How the FDA is Causing the Obesity Epidemic

Help the Body Reduce Inflammation

The take away message is clear. Cardiovascular health is more than just cholesterol levels and requires the management of chronic inflammation. The western diet and soda consumption does not help, rather this lifestyle contributes to damaging inflammation and elevated CRP and IL-6. C-reactive protein is a strong predictor of small vessel or microvascular inflammation within the heart’s blood vessels. IL-6 reflects development and progression of cardiovascular disease. This battle must be won.

Dietary changes are vital. Eliminate soda intake. Use naturally flavored sparkling water if you like the bubbly, sparkling feel and taste. Avoid the western diet. The western diet is defined as a diet filled with empty calories – junk food, highly processed foods and/or fast foods. It is high in processed grains, sugar, salt, saturated fats, trans-fats, and processed vegetable oils (especially cottonseed, corn, soybean, and canola oils).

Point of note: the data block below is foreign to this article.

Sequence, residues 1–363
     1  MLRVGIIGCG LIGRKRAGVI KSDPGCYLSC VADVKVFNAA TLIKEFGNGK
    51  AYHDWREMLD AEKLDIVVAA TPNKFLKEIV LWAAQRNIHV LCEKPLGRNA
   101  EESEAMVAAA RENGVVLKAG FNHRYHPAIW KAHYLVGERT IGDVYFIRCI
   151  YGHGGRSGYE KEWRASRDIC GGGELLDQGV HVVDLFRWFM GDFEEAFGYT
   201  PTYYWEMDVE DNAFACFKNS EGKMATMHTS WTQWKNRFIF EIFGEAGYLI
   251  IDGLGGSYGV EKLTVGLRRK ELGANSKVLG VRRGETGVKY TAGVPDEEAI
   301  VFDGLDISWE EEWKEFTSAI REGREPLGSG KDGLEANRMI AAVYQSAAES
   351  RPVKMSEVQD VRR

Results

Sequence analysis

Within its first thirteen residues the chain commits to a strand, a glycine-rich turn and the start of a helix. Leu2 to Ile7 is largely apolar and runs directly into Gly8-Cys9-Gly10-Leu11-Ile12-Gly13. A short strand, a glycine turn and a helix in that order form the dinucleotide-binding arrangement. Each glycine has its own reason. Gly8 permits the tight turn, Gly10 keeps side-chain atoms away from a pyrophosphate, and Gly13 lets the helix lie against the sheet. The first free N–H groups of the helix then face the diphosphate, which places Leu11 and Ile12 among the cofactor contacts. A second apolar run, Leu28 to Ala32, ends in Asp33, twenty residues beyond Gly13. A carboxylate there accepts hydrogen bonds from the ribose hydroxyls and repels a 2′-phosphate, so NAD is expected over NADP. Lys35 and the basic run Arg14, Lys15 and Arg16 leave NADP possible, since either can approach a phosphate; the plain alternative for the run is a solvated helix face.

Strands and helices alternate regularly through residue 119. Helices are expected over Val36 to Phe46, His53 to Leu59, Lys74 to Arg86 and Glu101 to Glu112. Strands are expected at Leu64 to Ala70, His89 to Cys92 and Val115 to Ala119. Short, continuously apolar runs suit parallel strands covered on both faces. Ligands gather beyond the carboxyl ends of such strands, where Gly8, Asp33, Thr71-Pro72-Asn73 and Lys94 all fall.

Replace those foods with organic, fresh fruits and vegetables, whole grains, seafood, poultry, some lean red meats, and beans/legumes and good oils like olive oil, coconut oil, avocado oil, organic butter or ghee. A great resource in understanding and implementing healthy choices may be found in the article The Leptin Diet Challenge # 1 Overview and Basic Needs